Italy, Pompei, Temple of Isis, Regio VIII, 7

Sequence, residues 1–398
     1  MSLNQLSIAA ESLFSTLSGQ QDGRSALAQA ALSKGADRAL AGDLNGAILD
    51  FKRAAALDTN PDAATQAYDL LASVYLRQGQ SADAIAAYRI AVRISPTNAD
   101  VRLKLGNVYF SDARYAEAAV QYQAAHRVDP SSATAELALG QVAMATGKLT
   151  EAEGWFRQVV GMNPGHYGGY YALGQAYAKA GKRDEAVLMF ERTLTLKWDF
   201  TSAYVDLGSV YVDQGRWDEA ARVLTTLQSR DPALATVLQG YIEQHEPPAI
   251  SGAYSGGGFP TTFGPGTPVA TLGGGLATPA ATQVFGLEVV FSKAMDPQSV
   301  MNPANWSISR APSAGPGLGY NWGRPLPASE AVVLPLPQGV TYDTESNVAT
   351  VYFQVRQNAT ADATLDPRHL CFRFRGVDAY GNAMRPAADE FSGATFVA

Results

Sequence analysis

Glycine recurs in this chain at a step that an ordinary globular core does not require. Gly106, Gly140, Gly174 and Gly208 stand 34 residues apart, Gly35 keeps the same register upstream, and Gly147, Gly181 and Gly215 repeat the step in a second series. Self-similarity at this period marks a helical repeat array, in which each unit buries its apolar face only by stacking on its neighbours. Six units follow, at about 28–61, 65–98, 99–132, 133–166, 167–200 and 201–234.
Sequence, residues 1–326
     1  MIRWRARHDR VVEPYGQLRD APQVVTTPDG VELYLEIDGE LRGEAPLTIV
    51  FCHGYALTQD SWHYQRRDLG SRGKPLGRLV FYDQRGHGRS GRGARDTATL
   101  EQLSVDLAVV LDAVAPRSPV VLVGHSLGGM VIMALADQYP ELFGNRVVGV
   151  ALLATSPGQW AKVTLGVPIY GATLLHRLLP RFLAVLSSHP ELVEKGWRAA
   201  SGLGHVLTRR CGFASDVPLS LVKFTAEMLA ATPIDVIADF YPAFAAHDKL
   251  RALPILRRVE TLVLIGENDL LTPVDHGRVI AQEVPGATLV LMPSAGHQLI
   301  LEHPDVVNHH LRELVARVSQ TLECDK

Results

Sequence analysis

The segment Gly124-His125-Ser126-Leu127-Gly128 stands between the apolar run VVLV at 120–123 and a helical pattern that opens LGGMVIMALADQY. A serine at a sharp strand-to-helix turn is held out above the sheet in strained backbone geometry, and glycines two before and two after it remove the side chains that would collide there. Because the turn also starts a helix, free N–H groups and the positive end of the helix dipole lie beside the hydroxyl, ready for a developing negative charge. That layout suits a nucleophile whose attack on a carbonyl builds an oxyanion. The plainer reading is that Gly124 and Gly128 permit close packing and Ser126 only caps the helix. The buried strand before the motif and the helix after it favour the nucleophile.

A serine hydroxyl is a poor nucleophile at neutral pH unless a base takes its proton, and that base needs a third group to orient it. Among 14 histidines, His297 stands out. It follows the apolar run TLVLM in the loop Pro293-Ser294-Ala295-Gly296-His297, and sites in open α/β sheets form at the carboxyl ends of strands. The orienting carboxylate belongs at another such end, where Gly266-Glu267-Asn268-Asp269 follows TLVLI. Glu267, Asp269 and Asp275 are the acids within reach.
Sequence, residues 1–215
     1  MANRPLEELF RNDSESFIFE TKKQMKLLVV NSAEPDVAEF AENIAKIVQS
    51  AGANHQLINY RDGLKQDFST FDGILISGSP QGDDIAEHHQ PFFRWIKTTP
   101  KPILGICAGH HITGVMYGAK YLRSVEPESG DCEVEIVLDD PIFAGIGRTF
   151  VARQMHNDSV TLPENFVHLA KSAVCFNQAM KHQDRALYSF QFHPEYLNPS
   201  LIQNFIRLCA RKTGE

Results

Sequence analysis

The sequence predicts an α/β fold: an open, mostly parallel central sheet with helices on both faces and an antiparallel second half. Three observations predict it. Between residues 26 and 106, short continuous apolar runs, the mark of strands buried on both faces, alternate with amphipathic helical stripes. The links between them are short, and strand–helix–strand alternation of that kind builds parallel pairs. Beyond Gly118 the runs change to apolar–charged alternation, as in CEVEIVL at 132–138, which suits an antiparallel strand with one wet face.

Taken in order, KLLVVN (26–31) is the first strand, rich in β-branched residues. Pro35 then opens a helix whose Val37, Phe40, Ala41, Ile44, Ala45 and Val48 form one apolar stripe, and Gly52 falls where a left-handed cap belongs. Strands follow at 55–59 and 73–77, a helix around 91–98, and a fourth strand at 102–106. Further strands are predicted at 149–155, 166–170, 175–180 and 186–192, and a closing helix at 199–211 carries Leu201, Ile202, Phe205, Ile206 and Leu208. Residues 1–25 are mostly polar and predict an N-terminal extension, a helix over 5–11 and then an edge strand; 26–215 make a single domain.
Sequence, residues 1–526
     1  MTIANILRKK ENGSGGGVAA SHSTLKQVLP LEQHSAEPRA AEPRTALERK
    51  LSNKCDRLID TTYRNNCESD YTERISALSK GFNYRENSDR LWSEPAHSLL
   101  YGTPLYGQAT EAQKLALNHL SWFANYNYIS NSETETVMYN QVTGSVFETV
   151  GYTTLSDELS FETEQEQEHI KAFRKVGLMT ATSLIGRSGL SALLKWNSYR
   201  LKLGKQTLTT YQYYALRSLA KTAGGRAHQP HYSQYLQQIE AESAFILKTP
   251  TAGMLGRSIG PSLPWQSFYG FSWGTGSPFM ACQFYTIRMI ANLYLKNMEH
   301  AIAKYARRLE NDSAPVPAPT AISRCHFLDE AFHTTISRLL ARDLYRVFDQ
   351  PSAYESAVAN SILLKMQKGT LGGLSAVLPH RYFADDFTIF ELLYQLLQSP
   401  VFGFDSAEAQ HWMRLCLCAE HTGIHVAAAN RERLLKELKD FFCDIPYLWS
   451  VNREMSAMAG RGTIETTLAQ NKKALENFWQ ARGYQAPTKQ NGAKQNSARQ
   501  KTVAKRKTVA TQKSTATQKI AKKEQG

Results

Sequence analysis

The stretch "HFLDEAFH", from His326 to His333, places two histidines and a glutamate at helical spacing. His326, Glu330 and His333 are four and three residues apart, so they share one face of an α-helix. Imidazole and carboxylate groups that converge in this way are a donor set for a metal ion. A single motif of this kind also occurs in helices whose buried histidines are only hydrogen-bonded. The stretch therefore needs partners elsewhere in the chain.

A porticoed courtyard, with stuccoed Corinthian columns, hosts the temple on a podium in its center, built at the end of the 2nd cent. BC and rebuilt in opus latericium immediately after the earthquake in 62 AD by N. Popidius Ampliatus, who gave credit for it to his son Celsinus to advance the latter's political career. The front steps lead to the pronaos, with four columns in front and two on the sides, and two side niches that held statues of Anubis and Harpokrates, Egyptian divinities related to the cult of Isis. At the back, in the wide cell, was the base for the religious statues, perhaps including the one of Isis found in the portico. Various service and worship rooms open along the portico, while the inside contains a well in the northeast corner, the purgatorium (fenced area with water basin used in purification rites), and altars. Rich sculptural, stucco and 'fourth style' painted plaster decorations abounded, detached during the excavation years (1764-1766) and now at the Naples Museum. (Soprintendenza Pompei)